Can you put a “morals clause” in your employment agreements?

On Behalf of | Nov 20, 2022 | Business Law |

If you’re starting a new company, you try to hire people of good character at all levels. However, we can’t really know who someone is, what kinds of beliefs they harbor, what they’re capable of in their worst moments – and who will be around with a phone to capture those moments.

In recent years, we’ve seen people’s racist and other bad behavior go viral and spread like wildfire across the internet. We’ve seen countless videos of people berating and assaulting flight attendants and store and restaurant employees for simply asking them to follow the rules. 

Worse, we’ve seen people bullying their neighbors or strangers with racial slurs and even engaging in rallies chanting their racist beliefs. Sometimes their activities aren’t just reprehensible but illegal.

Identification of people’s employers is becoming easier

It doesn’t take long for people to be identified – and for their employer to be identified and pressured to fire them or risk a massive boycott. That’s assuming they didn’t make things easy by wearing a baseball cap or jacket with their employer’s logo (as some do).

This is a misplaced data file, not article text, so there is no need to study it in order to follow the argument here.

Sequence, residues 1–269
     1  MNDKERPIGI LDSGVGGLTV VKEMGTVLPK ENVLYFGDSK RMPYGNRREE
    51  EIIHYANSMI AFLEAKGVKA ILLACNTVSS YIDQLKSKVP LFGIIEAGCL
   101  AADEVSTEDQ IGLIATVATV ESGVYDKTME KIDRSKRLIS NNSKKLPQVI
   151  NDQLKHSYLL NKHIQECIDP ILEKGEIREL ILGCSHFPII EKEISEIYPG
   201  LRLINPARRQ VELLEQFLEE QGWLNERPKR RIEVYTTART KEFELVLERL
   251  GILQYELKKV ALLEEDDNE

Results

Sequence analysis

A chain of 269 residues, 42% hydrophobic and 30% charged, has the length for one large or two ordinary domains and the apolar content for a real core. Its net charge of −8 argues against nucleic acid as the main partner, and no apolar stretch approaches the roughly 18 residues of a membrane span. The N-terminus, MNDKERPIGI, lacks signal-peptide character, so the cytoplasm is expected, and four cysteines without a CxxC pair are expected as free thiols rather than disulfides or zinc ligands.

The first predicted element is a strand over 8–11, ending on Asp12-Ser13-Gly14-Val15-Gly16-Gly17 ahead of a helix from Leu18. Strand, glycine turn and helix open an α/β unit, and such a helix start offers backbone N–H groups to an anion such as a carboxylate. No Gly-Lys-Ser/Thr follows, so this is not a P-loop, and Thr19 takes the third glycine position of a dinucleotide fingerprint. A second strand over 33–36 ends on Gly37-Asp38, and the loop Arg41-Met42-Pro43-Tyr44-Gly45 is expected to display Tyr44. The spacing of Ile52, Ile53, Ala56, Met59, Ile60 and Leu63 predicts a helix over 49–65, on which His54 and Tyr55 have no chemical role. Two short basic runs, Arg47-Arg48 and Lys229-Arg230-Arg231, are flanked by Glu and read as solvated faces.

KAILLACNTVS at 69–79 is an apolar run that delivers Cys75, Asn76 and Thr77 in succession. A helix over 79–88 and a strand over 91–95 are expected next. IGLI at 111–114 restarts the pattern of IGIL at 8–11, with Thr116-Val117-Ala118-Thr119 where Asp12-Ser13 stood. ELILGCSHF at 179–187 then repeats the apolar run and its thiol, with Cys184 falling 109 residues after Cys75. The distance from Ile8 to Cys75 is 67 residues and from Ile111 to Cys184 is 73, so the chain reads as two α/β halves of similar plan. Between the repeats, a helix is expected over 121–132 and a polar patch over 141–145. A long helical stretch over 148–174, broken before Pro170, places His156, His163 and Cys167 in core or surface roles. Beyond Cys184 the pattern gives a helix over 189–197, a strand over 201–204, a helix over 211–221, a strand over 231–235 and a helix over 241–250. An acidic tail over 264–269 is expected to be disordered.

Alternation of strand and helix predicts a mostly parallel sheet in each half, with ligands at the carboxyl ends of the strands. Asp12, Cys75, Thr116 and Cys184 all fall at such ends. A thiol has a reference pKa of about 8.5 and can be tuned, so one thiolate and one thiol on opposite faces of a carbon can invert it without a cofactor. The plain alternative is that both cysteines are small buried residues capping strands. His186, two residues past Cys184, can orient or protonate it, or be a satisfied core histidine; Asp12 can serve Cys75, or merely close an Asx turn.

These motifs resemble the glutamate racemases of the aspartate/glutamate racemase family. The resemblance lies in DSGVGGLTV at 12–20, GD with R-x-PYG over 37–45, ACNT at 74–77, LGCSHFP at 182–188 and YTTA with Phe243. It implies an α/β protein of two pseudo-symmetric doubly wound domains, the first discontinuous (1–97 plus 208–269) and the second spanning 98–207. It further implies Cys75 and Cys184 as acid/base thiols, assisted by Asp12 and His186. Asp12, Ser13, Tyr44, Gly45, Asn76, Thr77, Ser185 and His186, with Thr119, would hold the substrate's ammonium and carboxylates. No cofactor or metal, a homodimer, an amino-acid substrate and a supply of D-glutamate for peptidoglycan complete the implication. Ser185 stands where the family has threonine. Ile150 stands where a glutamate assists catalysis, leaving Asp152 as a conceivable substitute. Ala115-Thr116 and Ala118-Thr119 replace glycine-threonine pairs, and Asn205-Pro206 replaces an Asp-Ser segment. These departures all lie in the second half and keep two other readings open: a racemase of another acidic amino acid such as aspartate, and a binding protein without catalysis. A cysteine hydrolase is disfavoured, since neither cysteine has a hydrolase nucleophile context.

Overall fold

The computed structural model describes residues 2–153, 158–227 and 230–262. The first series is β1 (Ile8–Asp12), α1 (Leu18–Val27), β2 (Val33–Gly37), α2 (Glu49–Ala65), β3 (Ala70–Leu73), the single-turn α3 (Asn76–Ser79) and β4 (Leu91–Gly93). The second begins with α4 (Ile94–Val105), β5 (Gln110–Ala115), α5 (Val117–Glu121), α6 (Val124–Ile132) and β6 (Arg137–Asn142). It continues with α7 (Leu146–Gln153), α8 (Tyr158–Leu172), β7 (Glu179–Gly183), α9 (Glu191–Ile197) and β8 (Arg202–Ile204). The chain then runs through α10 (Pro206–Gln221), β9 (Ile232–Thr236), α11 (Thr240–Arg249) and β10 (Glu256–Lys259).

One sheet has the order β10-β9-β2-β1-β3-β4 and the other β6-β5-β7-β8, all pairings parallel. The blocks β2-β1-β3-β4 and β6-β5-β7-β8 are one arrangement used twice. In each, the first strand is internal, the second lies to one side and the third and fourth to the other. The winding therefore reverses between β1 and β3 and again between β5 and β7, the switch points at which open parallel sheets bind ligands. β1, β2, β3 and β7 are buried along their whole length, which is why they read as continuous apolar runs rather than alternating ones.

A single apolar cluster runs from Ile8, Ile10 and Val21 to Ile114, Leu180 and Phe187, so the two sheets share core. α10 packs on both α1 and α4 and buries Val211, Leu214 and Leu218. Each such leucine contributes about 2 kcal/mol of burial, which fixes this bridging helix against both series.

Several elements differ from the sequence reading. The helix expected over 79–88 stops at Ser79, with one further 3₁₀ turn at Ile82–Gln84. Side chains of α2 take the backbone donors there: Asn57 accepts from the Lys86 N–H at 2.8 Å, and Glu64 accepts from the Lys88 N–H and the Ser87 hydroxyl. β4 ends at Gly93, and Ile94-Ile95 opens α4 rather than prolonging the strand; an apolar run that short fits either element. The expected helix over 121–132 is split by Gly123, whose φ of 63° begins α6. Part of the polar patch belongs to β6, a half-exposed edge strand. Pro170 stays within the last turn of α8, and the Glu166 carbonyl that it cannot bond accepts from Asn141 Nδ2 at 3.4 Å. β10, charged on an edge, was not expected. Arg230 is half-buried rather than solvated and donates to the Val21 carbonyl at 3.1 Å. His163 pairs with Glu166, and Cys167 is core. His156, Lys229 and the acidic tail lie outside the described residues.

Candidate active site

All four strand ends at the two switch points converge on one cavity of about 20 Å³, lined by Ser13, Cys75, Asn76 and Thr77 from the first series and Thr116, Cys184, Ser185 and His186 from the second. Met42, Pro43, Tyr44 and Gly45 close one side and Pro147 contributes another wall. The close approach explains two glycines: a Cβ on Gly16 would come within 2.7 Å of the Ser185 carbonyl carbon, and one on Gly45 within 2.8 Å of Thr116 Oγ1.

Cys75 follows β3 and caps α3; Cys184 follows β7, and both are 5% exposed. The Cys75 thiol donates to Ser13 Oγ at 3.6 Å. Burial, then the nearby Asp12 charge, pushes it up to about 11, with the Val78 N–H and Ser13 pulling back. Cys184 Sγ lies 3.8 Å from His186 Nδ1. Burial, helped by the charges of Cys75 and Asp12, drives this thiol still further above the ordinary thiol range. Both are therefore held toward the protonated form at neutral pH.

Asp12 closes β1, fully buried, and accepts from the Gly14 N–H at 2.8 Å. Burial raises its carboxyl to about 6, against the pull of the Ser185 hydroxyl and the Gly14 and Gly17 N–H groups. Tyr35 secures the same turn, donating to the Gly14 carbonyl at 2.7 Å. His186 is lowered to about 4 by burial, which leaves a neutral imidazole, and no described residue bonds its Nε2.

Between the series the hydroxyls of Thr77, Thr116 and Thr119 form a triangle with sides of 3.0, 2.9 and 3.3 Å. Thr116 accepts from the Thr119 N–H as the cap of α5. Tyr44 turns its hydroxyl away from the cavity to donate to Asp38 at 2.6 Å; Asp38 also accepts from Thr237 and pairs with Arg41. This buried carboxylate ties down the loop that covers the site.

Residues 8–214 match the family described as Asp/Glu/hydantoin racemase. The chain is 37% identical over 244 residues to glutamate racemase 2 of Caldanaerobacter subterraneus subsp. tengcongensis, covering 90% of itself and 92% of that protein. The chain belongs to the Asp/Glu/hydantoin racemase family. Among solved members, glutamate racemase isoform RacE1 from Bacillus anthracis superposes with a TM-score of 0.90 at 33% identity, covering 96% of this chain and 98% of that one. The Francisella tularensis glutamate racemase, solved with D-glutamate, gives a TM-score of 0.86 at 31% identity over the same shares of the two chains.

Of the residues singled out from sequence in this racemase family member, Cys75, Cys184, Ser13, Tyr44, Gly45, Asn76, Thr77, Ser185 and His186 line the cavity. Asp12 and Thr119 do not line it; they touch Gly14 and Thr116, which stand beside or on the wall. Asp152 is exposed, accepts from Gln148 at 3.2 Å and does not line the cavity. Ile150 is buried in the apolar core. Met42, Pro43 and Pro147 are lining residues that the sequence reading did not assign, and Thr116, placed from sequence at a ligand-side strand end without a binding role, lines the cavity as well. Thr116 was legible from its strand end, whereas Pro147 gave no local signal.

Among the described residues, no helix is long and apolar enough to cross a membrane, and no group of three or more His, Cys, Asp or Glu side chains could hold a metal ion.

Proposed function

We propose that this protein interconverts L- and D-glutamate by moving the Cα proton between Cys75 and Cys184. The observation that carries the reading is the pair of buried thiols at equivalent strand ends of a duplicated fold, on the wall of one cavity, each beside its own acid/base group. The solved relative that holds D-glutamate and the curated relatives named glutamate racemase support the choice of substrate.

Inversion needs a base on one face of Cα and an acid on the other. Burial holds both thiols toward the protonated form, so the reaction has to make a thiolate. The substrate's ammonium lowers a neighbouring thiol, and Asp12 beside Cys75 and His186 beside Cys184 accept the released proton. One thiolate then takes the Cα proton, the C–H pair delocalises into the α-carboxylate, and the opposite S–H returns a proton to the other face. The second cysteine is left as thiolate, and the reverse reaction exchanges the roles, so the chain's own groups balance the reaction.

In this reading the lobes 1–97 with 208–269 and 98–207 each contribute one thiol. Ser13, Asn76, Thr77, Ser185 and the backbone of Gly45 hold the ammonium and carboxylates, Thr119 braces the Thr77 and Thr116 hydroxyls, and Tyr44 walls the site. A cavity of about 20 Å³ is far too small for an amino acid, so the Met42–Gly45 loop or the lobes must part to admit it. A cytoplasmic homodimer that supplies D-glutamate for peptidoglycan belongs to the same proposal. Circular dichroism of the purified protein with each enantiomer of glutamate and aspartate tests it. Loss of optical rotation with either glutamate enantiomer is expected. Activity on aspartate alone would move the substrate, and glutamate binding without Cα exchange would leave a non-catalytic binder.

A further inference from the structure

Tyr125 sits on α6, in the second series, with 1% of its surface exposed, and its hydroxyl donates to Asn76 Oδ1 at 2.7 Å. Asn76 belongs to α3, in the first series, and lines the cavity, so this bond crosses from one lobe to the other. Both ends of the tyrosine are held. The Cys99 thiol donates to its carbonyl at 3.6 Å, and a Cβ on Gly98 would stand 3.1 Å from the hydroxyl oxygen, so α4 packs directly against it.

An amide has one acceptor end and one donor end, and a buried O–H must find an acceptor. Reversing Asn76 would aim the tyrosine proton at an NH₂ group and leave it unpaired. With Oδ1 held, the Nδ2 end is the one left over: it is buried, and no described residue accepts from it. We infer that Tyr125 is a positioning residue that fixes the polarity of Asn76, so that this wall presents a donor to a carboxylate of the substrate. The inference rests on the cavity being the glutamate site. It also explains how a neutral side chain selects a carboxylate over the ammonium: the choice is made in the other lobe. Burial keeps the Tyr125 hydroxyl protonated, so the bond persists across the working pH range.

As an employer, do you have a right to ask your executives and employees down the chain of command to agree to a “morals clause,” or are these only for entertainers and athletes who can do serious brand damage with their words and actions?

What should a morals clause include?

You typically do have the right to include such a clause in contracts and other employment agreements. You need to state what kinds of behavior are considered a violation of the clause. You may be able to make it as simple as anything that causes harm to the company’s reputation and can lead to financial harm. 

You also need to specify the possible consequences (for example, up to and including immediate termination with no severance package or even bonuses that may be due). Some employees who may bring special skills or other value to a company may be able to negotiate the terms of these clauses. However, it’s crucial to be consistent about enforcing your morals clauses or you could find yourself being sued by someone terminated under it.

You want to ensure that your morals clause will accomplish what you intend and save you from financial and reputational harm rather than provoke litigation from the employee. That’s why it’s wise to have experienced legal guidance in crafting and enforcing it.



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